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cork diversion

Posted: Wed Jan 04, 2006 4:51 pm
by Dutch Roll
ha amazed to read in the evening echo that shannon was fog bound yestrerday so an aircraft diverted to cork for once,it was none other than a USAF gulfstream 4,the antiwar idiots are causing a stir!!

Posted: Wed Jan 04, 2006 5:53 pm
by VNAV PTH
A diversion due to fog? Hardly a newsworthy event. Was the headline "400 in near death jet disaster as Boeing 320 pilot flies blind"?

Posted: Wed Jan 04, 2006 6:35 pm
by Dutch Roll
was more like ''US military aircraft enroute to bomb iraq also carrying terrorist suspects'' lands in cork.

Posted: Thu Jan 05, 2006 10:29 am
by Rallye EIBFP
Watch out Cork- the guys with the Anti War Banners will arrive soon!

that pilot said he could not accept a CATII approach or something....all other flights were grand operating CATII. Vis was down to 100m!

Posted: Thu Jan 05, 2006 12:59 pm
by VNAV PTH
Rallye EI-BFP wrote:...that pilot said he could not accept a CATII approach or something....all other flights were grand operating CATII. Vis was down to 100m!



Met vis isn't the critcal factor, it's the RVR.

Posted: Thu Jan 05, 2006 2:20 pm
by Dutch Roll
yip CAT2 is min RVR of 350M,i know some airlines wont shoot a CAT2 approach unless its 400M RVR,

The anti-war banners were already out i think!!!

Posted: Thu Jan 05, 2006 2:39 pm
by Rallye EIBFP
Ryanair flew in grand in the 100m visibility (and did not request CAT2, alas!) Aer Lingus wanted to fly a few orbits before landing to see if it cleared etc.......A World MD11 was saying if he could not make it in two approaches he would divert...but his alternate was Heathrow!!

Posted: Thu Jan 05, 2006 3:39 pm
by VNAV PTH
Rallye EI-BFP wrote:Ryanair flew in grand in the 100m visibility (and did not request CAT2, alas!)


Visibilty is the greater of:

a) the greatest distance at which a black object of suitable dimensions, situated near the ground, can be seen and recognised when observed against a bright background.

b) the greatest distance at which lights in the vicinity of 1000 candles can be seen and indentified against an unlit background.

RVR is:

The range over which the pilot of an aircraft on the centre line on a runway can see the runway surface markings or the lights delineating the runway or identifying its centre line.

These are ICAO definitons.


The reported values of these two can be distinctly different. However, TDZ RVR is the measurement used for approach minimums. Usually, but not always, minimums are CAT I...550m, CAT II...300m, CAT IIIA...200m. Company procedures can impose higher, but not lower values. If no RVR is available, met vis values can be used, but have a multiplication factor applied to them.
If an airfield is under LVP, this will be broadcast to aircraft on the ATIS, or informed by ATC. Therefore there is no need, under these circumstances, for an aircraft to explicitaly request a CAT II/III approach.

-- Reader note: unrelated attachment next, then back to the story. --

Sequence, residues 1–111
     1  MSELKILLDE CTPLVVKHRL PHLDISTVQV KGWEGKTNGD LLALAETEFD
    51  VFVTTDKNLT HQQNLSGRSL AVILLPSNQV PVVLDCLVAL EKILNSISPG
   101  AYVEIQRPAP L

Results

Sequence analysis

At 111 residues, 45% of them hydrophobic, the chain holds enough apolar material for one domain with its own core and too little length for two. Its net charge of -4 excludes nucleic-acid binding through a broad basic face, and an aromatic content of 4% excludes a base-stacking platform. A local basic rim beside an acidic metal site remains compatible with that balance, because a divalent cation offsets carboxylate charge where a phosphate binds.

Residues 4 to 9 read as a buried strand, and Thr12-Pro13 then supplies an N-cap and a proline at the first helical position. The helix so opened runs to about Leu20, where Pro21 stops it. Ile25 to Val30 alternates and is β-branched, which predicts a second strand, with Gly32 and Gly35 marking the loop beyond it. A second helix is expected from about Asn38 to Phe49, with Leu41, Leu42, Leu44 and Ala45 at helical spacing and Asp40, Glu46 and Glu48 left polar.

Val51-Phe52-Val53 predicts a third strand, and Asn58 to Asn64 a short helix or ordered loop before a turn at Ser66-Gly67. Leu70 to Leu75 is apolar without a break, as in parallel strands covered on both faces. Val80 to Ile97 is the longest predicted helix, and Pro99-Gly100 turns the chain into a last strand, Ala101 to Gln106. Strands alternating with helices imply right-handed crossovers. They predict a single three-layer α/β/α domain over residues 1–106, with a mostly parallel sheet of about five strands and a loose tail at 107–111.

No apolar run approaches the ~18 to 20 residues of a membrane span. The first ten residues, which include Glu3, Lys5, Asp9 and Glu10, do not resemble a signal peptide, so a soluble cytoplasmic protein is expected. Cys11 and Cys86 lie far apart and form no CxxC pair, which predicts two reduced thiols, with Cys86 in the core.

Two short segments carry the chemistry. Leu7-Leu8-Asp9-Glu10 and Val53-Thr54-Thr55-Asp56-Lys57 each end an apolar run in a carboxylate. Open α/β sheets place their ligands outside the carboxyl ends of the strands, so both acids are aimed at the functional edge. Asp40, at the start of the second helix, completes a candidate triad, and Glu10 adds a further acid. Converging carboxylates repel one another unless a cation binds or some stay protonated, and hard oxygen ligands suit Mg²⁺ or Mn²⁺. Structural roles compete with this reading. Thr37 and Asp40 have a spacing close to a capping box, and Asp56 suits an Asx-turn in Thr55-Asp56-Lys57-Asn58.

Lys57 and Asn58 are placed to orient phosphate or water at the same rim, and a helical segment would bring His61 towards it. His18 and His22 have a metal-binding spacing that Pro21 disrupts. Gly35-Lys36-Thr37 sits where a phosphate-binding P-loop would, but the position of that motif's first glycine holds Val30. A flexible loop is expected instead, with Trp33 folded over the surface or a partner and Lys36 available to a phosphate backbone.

USAF diversion..

Posted: Sat Jan 07, 2006 12:12 am
by corkspotter
Just for information,

Aircraft was C-20D 163692. Have posted a photo in the photo section. Enroute Andrews to KWI.

Regards,

Paul D

Posted: Sat Jan 07, 2006 5:59 pm
by airoshane
The aircraft abuse the RVR rule. The RVR may be 300m and an ATR wants to do a Cat I approach. They usually wait a while and the RVR may jump to 600 m only for a few seconds. ATC announce the new RVR and the aircraft take a "pot shot" at it. The ATC calls out the RVR again when the aircraft are on finals but if it is back below the limit the aircraft still go ahead and try the approach.

Aer Arann are brilliant at taking pot shots at cork!

Posted: Sat Jan 07, 2006 6:14 pm
by VNAV PTH
airoshane wrote:The aircraft abuse the RVR rule. The RVR may be 300m and an ATR wants to do a Cat I approach. They usually wait a while and the RVR may jump to 600 m only for a few seconds. ATC announce the new RVR and the aircraft take a "pot shot" at it. The ATC calls out the RVR again when the aircraft are on finals but if it is back below the limit the aircraft still go ahead and try the approach.


I can guarantee it's not a "pot-shot". You may have a good career ahead of you writing for The Sun!! :lol:


An aircraft cannot commence an approach, ie leave the IAF unless the current RVR is above the minimum required.
If after leaving the IAF, the reported RVR falls below the minimum required, the approach can be continued as far as the OM/4DME fix/FAF or a point designated as such. On reaching this point, the minimum RVR must be above limits or a missed approach is required.
If all is above limits, but after passing the OM/4DME/FAF point, the RVR falls below minimum, the approach may be continued to DH and a landing made if the required minimum visual reference is attained.

Of course, this is a generic procedure, but most airlines will have SOP`s based around this.

Posted: Mon Jan 09, 2006 1:16 pm
by Dutch Roll
[quote="VNAV PTH]
I can guarantee it's not a "pot-shot". You may have a good career ahead of you writing for The Sun!! :lol:[/quote]

excellent